WA Veterinary Emergency & Specialty (WAVES)


What is chemotherapy?

Chemotherapy refers to the use of drugs that are used to treat cancer.

The aims of using chemotherapy in pets is to improved quality of life and increase life expectancy.

How does chemotherapy work?

Chemotherapy works by damaging rapidly growing cells. Cancer cells are rapidly growing and often cannot repair the damage caused by chemotherapy drugs.

Will my pet experience side effects?

All anticancer medications, or chemotherapy drugs, have the potential to produce adverse side effects. However, due to the lower doses used in pets, the side effects that can occur in pets are usually not as severe as those that occur in humans. It is important to know what the possible side effects of each drug are so that you will know what to expect. As the caregiver, you have an important role in recognizing the side effects, managing them at home whenever possible, and alerting your veterinarian if the side effects persist.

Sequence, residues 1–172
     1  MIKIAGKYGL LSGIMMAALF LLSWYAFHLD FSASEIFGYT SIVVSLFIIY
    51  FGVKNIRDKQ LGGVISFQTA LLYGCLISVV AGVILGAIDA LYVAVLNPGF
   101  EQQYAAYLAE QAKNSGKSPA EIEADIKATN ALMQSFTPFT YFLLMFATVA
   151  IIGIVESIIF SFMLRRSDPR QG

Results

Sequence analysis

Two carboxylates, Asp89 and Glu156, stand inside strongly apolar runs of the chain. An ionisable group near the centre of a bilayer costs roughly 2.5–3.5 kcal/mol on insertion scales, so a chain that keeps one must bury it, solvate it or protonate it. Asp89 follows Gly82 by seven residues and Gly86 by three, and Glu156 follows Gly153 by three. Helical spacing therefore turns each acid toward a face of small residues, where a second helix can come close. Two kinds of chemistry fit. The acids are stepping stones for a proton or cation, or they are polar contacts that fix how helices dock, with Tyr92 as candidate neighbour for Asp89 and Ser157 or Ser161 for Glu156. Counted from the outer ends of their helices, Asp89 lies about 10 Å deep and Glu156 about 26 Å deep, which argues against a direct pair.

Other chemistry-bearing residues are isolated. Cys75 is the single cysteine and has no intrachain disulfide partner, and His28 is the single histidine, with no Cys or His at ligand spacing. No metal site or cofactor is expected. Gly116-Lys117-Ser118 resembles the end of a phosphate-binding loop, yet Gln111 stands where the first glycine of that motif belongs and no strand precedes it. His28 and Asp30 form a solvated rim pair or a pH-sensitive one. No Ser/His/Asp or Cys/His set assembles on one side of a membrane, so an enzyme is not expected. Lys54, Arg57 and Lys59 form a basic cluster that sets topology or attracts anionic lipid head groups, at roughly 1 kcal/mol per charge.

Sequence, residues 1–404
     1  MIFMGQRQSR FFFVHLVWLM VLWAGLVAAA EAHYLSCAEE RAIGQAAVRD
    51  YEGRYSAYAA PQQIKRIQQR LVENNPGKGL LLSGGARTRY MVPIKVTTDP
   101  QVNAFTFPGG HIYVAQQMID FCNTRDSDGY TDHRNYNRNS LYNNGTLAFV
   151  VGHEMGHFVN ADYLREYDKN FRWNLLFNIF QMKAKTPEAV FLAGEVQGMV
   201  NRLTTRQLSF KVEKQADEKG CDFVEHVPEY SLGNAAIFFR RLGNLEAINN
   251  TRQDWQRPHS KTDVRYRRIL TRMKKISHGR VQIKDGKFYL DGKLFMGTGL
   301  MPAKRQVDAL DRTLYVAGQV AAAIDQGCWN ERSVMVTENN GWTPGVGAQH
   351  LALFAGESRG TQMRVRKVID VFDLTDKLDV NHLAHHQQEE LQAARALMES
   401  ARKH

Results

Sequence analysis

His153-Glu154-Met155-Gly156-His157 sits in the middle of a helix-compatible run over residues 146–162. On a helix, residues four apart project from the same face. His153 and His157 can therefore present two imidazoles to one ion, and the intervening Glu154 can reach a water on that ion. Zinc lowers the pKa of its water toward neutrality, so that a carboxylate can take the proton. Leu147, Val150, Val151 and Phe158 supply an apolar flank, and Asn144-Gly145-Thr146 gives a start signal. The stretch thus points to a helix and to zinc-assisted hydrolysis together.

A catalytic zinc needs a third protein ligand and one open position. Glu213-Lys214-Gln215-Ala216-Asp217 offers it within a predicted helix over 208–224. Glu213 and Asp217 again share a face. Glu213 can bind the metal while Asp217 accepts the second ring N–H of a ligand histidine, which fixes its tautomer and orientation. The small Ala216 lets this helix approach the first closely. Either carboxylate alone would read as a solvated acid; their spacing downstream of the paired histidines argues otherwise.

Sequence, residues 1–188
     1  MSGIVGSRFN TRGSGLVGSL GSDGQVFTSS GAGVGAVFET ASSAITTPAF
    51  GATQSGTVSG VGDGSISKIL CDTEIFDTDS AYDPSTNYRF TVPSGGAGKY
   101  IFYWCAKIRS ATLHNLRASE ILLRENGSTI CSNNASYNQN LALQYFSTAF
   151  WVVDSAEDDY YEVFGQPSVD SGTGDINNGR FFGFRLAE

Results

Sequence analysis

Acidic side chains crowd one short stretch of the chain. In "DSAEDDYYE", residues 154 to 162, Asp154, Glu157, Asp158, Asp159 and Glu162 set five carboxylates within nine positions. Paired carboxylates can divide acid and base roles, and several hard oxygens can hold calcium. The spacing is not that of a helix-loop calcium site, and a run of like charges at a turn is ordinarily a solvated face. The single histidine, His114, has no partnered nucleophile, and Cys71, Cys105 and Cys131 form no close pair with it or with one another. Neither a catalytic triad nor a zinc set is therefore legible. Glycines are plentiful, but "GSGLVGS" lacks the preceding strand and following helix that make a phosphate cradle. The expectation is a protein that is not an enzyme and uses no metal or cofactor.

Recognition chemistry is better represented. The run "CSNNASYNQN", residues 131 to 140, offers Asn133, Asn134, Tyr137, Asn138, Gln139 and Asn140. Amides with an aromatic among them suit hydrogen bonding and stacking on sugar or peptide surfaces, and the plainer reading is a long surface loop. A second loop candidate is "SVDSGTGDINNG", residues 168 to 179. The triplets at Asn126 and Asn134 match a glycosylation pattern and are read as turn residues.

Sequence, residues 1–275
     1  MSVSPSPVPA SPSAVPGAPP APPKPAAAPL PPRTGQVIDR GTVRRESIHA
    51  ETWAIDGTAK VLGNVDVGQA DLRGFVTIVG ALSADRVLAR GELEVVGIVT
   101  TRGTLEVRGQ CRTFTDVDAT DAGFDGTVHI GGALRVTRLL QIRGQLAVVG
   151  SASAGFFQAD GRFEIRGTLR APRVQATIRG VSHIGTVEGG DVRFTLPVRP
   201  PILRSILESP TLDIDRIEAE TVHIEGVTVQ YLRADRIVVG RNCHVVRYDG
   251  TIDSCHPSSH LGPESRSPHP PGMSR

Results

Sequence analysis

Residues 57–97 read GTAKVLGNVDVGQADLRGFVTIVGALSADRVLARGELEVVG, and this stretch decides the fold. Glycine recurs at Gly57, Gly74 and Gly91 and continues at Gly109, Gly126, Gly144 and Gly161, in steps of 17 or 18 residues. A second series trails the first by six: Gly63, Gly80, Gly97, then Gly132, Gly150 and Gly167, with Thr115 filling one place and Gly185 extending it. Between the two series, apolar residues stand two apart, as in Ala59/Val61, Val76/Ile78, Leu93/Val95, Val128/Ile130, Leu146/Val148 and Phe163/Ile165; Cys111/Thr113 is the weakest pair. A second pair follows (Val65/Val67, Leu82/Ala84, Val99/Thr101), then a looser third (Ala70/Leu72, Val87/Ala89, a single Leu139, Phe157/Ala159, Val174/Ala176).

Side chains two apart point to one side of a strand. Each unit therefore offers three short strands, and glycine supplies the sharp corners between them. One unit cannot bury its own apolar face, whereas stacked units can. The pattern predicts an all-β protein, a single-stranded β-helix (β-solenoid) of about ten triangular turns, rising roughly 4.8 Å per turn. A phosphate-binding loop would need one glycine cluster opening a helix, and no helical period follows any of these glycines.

Side effect occur as rapidly growing cells within the body, such as the bone marrow, which continually produces blood cells, and the lining cells in the intestinal tract. As a result, two common side effects of chemotherapy are low white blood cell and platelet counts, as well as diarrhoea, vomiting, and loss of appetite. Pets rarely lose their hair as human cancer patients do.

This information has been adapted from a client information sheet by Antony S. Moore and Angela Frimberger. Ettinger: Textbook of Veterinary Internal Medicine, 7th Edition